For electronic copies, please send them to carlton.fong@utexas.edu. If you do not have an electronic copy of these materials and would like to be reimbursed for postage, please include a bill for postage and copying costs with your correspondence.

Paper materials may be sent to:
Carlton J. Fong
Department of Educational Administration
The University of Texas at Austin
1912 Speedway STOP D5400
Austin, TX 78712-1604

Note from Carlton: Although we can offer little more than our gratitude for your assistance, we will formally cite all viable data we receive in a comprehensive meta-analysis that is being updated for publication. Any information that you may be able to provide will be quite helpful for this study. I will send you a copy of our final report if you respond.

AERA 2017 Update and Information

We hope you’re looking forward to AERA in San Antonio.  As we finalize our program, please notify Hadley Solomon (hadley.solomon@unh.edu) if you have an accepted paper/poster and will not be attending AERA to present. We want to be sure we have all slots filled. Also, mark your calendars for our annual SIG dinner social on Sunday, April 30 following our business meeting. The dinner event will begin at 8 p.m. at Rio Rio Cantina, 421 E Commerce St, San Antonio (http://riorioriverwalk.com/ ). We’ll post sign-up details soon. AERA occurs at the same time as Fiesta this year. Please book your hotel room now if you have not already. It’s going to be a vibrant time in SA! Finally, if you have something you want to discuss with the SIG at our annual business meeting, please email Dr. Ellen Usher (ellen.usher@uky.edu).

PhD Program in Educational Psychology and Program Evaluation at Old Dominion University

The PhD Program in Educational Psychology and Program Evaluation at Old Dominion University is now accepting applications. Students in the program develop the theoretical and technical skills required for research and evaluation oriented careers through coursework and by working collaboratively with faculty on research in both formal and informal learning environments.  Applications are considered for admission in the Fall, Spring, and Summer but applicants are encouraged to apply by February 15, 2017 to be eligible for possible funding opportunities. Please contact Dr. Tony Perez (educresearch@odu.edu) with any questions.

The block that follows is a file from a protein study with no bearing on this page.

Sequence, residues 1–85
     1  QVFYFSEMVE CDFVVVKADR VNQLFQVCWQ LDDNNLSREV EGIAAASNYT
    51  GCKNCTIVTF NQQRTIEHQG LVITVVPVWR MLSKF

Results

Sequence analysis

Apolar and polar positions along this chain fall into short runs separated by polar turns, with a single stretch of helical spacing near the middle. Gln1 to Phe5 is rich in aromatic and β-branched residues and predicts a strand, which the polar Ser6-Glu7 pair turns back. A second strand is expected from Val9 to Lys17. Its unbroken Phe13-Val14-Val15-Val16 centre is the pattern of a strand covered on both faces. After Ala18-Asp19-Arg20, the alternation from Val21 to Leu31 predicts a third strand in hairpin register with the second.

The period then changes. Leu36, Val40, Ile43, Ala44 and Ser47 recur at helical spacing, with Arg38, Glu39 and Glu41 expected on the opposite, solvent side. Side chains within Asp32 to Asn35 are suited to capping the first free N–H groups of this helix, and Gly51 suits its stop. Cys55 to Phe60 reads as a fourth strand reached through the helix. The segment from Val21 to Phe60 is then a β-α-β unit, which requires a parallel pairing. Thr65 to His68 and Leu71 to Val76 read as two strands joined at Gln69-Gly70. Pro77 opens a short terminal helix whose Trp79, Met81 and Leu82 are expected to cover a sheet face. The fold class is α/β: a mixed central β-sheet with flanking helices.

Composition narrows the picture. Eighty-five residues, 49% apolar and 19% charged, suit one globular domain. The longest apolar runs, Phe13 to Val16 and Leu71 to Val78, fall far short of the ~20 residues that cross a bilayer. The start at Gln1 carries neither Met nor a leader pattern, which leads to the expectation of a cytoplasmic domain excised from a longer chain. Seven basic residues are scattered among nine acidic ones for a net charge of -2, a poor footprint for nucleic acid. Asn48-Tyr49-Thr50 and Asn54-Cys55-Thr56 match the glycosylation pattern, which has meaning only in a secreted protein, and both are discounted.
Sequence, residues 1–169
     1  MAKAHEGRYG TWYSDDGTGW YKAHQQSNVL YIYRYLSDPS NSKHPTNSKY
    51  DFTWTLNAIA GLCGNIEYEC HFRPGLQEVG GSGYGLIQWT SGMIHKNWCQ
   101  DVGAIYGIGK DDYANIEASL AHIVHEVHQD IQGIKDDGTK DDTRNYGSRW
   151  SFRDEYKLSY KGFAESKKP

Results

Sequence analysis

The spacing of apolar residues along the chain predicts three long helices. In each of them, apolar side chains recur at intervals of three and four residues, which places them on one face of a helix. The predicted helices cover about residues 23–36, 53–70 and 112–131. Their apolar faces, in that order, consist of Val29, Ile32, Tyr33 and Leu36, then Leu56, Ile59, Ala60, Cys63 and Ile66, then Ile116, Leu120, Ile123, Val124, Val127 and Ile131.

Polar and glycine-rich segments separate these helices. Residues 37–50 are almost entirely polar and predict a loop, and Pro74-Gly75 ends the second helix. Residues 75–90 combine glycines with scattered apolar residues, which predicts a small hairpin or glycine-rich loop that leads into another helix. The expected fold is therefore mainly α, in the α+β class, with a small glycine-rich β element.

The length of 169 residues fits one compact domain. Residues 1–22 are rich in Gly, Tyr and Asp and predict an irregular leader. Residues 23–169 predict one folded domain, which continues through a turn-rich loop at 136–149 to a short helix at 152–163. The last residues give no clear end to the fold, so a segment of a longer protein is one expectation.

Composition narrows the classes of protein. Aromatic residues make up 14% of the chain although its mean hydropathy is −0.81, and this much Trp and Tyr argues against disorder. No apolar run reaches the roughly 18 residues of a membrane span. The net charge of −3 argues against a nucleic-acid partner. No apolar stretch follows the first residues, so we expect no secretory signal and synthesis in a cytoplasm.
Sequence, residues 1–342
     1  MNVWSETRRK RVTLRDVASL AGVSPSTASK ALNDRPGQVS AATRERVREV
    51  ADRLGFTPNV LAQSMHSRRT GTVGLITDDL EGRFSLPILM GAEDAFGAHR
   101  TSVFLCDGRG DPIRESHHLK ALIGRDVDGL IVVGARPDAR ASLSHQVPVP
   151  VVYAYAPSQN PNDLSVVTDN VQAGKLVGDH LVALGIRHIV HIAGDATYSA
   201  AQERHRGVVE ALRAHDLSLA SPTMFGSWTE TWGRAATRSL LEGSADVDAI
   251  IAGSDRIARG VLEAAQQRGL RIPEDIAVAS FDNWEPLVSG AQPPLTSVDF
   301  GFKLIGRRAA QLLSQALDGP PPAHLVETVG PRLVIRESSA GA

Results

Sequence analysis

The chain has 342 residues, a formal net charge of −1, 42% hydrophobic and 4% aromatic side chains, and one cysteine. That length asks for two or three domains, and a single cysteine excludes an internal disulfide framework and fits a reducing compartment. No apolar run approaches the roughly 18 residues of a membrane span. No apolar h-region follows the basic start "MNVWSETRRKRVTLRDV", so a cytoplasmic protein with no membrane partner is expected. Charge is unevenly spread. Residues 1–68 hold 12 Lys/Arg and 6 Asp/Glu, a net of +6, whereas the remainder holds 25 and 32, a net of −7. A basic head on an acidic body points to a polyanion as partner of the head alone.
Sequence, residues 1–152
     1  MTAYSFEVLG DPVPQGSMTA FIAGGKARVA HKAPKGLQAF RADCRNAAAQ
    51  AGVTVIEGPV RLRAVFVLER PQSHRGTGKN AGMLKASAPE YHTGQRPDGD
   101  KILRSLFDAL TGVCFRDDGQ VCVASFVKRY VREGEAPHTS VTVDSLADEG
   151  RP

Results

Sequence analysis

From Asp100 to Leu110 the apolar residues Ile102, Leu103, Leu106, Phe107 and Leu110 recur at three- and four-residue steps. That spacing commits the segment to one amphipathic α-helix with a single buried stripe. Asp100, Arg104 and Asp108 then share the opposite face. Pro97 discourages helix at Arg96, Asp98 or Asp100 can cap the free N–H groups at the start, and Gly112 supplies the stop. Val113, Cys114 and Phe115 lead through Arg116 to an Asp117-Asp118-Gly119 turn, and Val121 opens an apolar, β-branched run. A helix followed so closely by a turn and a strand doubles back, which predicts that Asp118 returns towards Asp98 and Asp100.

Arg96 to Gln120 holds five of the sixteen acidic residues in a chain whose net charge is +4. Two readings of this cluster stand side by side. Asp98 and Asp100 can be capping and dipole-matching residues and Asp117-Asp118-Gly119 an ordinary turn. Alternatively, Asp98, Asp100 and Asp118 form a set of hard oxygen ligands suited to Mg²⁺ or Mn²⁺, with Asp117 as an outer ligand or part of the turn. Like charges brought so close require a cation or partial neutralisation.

Program website: https://www.odu.edu/efl/academics/eppe#.WHfU-npT5mM
Online application: https://www.odu.edu/efl/academics/eppe/apply#.WHfWf3pT5mM

Remembering Marty Maehr

We are very saddened to announce the passing of Dr. Martin Maehr in Ann Arbor, Michigan on January 10th, 2017. Dr. Maehr, or Marty as most of us knew him, was a leading voice in the field of achievement motivation research for roughly five decades. After receiving his Ph.D. from the University of Nebraska, Marty served on the faculties of Concordia Senior College in Indiana and the University of Illinois. Marty moved to the University of Michigan in 1989 and was a leader in the Combined Program in Education and Psychology for over 25 years until he retired in 2005.

Marty’s research interests were broad and varied, but he is perhaps best known for work in three areas, all related to achievement motivation. First, he challenged the prevailing view of achievement motivation work of McClelland, Atkinson and others as being a needs-based, personality variable by proposing a social-cognitive alternative perspective with a strong emphasis on culture. His emphasis on the sociocultural influences on motivation was ahead of its time and remains influential today. Second, he developed a theory of personal investment that emphasized the motivational effects of goals that were personally meaningful to individuals. Finally, he was one of the early proponents of achievement goal theory. His work had direct applications to business, schools, and public policy. During the latter part of his career, Marty became particularly engaged with applying his research and knowledge toward improving school reform efforts. He truly wanted his work to make a difference in students’ and teachers’ lives. Marty’s students will remember him as not only promoting but also protecting, their independence of thought and creativity in research. He will be greatly missed.

Marty’s intellectual legacy has been honored in the book Culture, Self, and Motivation: Essays in Honor of Martin L. Maehr, edited by Avi Kaplan, Stuart Karabenick, and Elizabeth de Groot, and through the work of all the scholars whose thinking he influenced.

Special thanks to Tim Urdan, one of Marty’s former students, for providing this remembrance.